The Power of Language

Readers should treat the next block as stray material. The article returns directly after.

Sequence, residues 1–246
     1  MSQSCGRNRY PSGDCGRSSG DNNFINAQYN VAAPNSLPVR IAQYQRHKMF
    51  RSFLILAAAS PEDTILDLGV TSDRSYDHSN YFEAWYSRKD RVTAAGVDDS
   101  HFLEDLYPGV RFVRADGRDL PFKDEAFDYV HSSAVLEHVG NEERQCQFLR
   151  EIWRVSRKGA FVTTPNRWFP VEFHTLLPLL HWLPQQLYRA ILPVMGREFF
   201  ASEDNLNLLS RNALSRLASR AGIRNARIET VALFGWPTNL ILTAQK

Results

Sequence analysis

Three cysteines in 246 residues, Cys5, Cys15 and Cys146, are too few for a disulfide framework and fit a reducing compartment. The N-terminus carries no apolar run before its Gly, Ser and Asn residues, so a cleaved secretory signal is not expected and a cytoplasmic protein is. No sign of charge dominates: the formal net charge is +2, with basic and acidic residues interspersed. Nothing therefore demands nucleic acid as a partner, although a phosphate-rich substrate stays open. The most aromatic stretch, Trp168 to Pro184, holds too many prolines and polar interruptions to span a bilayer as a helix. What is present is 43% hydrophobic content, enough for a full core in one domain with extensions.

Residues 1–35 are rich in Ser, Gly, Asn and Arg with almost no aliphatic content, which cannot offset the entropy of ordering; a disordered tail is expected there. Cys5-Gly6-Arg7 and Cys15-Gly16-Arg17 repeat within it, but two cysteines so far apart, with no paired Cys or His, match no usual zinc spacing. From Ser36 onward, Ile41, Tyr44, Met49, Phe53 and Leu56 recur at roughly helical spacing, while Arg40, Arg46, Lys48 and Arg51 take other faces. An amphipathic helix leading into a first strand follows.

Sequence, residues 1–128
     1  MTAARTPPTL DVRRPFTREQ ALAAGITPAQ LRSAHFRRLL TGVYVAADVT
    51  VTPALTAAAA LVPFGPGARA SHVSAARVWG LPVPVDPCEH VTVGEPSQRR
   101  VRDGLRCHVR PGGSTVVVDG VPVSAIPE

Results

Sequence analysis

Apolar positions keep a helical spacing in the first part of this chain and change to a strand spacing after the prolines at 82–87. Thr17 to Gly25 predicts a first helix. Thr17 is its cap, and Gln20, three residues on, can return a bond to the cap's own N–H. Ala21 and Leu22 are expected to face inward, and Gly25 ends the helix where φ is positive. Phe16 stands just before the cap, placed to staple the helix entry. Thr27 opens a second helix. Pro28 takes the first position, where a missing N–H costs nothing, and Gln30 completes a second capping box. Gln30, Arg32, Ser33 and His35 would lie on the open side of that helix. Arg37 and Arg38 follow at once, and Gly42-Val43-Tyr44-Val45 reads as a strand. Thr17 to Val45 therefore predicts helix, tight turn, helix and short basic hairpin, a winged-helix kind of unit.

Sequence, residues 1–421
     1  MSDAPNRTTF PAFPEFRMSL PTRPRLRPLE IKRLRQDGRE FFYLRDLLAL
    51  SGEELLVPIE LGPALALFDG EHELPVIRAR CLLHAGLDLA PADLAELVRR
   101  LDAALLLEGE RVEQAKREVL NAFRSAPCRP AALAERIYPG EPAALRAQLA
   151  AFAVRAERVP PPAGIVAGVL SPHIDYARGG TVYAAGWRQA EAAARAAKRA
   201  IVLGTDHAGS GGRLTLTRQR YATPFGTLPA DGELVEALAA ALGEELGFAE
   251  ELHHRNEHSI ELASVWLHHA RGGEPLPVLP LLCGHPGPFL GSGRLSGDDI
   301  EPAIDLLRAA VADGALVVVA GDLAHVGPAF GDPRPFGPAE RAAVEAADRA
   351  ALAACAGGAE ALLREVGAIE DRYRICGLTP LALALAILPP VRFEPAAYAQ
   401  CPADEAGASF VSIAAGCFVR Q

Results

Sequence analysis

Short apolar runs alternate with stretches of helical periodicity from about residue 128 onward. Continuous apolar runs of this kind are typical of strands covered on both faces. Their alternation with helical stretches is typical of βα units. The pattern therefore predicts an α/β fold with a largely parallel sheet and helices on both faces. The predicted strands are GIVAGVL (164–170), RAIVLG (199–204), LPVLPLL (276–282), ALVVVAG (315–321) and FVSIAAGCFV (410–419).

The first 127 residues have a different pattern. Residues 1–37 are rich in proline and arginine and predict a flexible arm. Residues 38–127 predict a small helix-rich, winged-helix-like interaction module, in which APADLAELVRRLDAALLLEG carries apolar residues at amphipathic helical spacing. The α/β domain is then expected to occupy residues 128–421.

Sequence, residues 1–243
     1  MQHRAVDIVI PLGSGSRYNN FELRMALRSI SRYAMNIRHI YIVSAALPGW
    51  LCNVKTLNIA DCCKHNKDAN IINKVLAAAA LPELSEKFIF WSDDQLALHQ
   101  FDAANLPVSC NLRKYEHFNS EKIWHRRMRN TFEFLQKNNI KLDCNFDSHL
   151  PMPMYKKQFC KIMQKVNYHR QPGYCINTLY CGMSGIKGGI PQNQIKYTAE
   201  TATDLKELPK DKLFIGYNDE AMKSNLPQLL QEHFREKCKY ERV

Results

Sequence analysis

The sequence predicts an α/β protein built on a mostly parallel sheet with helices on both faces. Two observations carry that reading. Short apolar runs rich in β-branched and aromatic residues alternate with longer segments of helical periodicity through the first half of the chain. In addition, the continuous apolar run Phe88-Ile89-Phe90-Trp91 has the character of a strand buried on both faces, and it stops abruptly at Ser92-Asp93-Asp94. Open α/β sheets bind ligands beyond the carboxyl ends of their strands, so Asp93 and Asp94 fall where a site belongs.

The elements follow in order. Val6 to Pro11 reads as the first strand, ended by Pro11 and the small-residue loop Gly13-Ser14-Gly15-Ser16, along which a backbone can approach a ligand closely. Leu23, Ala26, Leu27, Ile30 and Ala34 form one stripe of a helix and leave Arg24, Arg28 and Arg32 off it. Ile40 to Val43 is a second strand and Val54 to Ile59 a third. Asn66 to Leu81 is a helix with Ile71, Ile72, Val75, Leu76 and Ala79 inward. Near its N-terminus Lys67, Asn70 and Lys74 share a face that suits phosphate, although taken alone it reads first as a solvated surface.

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The American society is a melting pot of different cultures, race, and languages. Living in America does not mean that someone is a natural born American or a perfect English speaker. Many people who migrated to America face discrimination due to their inability to speak proper English. In her essay, “Mother Tongue,” author Amy Tan examines the various struggles she faces with her identity through language and the perspective American society has on Asian-American immigrants. Throughout the essay, Tan studies the development of the different Englishes that she uses in different settings. When around her mother she utilizes broken English as the best way to communicate with her mother (621). When outside of her household, Tan speaks perfect English, but Tan’s different forms of Englishes cannot occur in Tan’s conversations simultaneously. Tan writes about memories from her childhood when she often translated for her mother, since her mother’s English was not the best. Tan expresses a tone of regret because she felt embarrassed by her mother’s “fractured” English. She often felt “red-faced and quiet” when her mother spoke imperfect English in public due to the responses she would receive, but now, she came realize the mistreatment of her mother by society. Due to her inability to speak proper English, Tan’s mother is frequently ignored and not respected by the people she encounters. Tan’s mother is an intelligent woman an often “reads the Forbes report, listens to Wall Street Week, converses daily with her stockbroker, [and] reads all Shirley MacLaine’s books with ease” (622) but, her only flaw remains her inability to speak proper English. Tan’s tone of regret highlights the mistreatment often received by Asian Americans. Tan of... ... middle of paper ... ... tongue shaped the way she thinks and expresses herself. Even though, Tan’s mother faces many injustices due to her inability to properly speak English, Tan realizes that those language barriers has made her who she is. Tan accomplishes her ultimate goal of being able to write stories that her mother will be able to read through the development of the various forms of English she uses. Although, we live in a country made up of different languages, many people do not fully accept people who uses improper English. The mistreatment of people who do not speak proper English such as Tan’s mother is prevalent in America. Not only is this mistreatment directed toward immigrants, but it is also directed toward their children. Works Cited Tan, Amy. “Mother Tongue.” Writing Analytically with Readings. Second ed. Boston: Wadsworth Cengage Learning, 2012. 621-625. Print.

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